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http://dx.doi.org/10.1136/medethics-2018-105109DOI Listing
January 2019
7 Reads

In response to Ballantyne and Schaefer's 'Consent and the ethical duty to participate in health data research'.

J Med Ethics 2019 Jan 7. Epub 2019 Jan 7.

Florence Nightingale Faculty of Nursing, Midwifery and Palliative Care, Cicely Saunders Institute of Palliative Care, Policy and Rehabilitation, King's College London, London, UK.

We welcome Ballantyne & Schaefer's discussion of the issues concerning consent and use of health data for research. In response to their acknowledgement of the need for public debate and discussion, we provide evidence from our own public consultation on this topic. Read More

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http://dx.doi.org/10.1136/medethics-2018-105271DOI Listing
January 2019

The Market View on conscientious objection: overvalued.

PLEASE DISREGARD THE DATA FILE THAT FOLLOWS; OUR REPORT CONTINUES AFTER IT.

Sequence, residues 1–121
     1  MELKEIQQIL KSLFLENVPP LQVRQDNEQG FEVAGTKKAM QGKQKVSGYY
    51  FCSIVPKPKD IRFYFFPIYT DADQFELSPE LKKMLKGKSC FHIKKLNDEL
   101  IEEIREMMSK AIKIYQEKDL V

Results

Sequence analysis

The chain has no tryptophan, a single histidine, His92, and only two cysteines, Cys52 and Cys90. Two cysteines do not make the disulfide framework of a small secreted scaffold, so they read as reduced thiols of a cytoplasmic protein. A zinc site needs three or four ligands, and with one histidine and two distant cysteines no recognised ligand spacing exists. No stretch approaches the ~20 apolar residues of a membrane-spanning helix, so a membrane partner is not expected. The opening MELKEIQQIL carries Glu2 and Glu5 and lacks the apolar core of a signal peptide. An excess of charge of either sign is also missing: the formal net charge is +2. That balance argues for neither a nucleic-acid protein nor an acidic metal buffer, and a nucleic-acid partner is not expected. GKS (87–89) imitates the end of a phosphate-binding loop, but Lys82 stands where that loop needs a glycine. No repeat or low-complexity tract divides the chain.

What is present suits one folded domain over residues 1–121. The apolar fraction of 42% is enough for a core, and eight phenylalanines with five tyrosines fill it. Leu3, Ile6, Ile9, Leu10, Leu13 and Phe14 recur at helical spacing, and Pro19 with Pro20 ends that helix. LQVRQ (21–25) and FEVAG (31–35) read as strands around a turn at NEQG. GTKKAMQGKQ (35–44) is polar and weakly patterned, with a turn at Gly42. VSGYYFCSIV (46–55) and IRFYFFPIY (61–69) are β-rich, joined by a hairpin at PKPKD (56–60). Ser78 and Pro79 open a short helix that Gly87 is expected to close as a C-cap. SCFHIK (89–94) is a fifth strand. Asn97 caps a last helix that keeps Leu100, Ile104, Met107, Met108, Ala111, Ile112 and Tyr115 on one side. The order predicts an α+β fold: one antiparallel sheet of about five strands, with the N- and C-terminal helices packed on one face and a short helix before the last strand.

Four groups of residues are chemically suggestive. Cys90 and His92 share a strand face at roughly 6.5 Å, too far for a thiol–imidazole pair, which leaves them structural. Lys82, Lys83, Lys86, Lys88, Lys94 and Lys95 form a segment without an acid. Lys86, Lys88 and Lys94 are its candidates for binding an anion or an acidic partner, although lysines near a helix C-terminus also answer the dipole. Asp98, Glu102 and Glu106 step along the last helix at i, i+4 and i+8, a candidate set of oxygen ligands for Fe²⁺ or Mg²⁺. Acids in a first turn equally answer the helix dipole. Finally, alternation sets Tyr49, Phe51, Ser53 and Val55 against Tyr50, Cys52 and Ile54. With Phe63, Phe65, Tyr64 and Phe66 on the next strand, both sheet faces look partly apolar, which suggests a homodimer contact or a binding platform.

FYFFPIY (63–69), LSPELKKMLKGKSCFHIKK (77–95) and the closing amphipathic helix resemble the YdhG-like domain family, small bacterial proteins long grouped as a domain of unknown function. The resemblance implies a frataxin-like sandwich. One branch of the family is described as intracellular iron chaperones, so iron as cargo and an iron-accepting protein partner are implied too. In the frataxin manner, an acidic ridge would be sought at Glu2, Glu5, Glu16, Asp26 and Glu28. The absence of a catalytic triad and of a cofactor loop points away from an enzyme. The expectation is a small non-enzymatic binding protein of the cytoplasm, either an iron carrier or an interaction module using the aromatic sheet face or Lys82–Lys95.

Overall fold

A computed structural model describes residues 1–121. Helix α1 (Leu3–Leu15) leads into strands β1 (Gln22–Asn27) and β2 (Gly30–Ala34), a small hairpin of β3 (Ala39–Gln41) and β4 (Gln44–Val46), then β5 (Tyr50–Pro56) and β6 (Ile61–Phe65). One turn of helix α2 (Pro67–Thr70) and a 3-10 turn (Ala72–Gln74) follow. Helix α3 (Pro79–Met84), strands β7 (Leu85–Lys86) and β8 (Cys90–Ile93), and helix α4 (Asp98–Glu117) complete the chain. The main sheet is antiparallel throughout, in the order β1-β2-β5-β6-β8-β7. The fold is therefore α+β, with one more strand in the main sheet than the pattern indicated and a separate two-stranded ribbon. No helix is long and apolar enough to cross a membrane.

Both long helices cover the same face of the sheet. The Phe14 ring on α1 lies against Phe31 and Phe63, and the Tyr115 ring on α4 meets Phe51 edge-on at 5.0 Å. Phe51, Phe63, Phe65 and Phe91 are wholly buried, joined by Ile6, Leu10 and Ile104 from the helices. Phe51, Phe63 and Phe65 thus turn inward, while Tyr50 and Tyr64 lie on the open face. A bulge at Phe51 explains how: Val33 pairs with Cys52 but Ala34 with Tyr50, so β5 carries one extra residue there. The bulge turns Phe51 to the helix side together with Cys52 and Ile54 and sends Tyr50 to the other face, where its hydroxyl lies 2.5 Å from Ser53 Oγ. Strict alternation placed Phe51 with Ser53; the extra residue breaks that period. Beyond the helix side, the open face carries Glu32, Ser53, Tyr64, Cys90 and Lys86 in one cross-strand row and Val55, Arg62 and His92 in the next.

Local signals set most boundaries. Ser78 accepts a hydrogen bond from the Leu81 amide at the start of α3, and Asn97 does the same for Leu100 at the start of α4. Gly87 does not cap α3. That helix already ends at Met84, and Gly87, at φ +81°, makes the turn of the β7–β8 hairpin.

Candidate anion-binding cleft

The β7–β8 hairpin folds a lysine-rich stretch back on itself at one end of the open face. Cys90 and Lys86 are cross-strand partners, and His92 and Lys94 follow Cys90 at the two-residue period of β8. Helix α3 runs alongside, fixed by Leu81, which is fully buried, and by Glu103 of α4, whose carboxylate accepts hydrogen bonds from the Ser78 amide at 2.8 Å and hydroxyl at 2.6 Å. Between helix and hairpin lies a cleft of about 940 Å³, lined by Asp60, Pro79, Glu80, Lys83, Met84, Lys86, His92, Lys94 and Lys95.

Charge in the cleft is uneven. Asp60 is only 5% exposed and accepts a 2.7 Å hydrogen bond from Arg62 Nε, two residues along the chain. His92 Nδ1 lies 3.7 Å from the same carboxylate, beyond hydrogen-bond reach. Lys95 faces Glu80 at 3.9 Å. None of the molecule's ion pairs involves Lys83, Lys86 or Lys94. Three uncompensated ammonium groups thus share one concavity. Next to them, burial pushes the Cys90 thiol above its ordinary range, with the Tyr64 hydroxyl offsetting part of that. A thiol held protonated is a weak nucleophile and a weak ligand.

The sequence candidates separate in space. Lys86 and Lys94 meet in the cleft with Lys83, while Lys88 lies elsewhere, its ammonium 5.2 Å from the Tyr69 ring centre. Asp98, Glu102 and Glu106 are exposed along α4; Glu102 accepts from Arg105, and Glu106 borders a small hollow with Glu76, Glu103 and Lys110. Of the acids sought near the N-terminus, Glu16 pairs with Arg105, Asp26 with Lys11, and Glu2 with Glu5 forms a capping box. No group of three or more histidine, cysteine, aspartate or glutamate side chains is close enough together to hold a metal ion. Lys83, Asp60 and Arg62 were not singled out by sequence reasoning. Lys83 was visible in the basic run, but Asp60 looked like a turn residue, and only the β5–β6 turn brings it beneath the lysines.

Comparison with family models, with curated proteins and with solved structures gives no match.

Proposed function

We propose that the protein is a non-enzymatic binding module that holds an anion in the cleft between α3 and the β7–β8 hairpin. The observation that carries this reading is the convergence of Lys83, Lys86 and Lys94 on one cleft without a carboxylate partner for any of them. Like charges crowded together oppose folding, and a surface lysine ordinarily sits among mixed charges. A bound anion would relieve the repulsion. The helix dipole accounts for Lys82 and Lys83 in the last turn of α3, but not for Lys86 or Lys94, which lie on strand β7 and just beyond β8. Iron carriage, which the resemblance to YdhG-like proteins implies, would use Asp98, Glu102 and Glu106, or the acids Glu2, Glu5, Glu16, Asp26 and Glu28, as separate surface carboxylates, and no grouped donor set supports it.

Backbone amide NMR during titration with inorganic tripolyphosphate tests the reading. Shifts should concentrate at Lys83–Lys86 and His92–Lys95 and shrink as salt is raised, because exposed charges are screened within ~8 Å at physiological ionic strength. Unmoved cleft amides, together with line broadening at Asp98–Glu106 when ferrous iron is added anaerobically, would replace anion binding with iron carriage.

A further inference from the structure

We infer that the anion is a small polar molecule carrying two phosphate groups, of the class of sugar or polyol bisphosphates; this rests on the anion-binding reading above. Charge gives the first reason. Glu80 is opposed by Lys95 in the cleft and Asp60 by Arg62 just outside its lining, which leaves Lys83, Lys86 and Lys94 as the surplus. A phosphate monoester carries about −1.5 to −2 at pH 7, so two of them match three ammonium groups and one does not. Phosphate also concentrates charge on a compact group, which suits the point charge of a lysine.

Authors:
Robert F Card

J Med Ethics 2019 Jan 7. Epub 2019 Jan 7.

Department of Philosophy, State University of New York, Oswego, New York, USA.

Ancell and Sinnott-Armstrong argue that medical providers possess wide freedoms to determine the scope of their practice, and therefore, prohibiting almost any conscientious objections is a bad idea. They maintain that we could create an acceptable system on the whole which even grants accommodations to discriminatory refusals by healthcare professionals. Their argument is premised upon applying a free market mechanism to conscientious objections in medicine, yet I argue their Market View possesses a number of absurd and troubling implications. Read More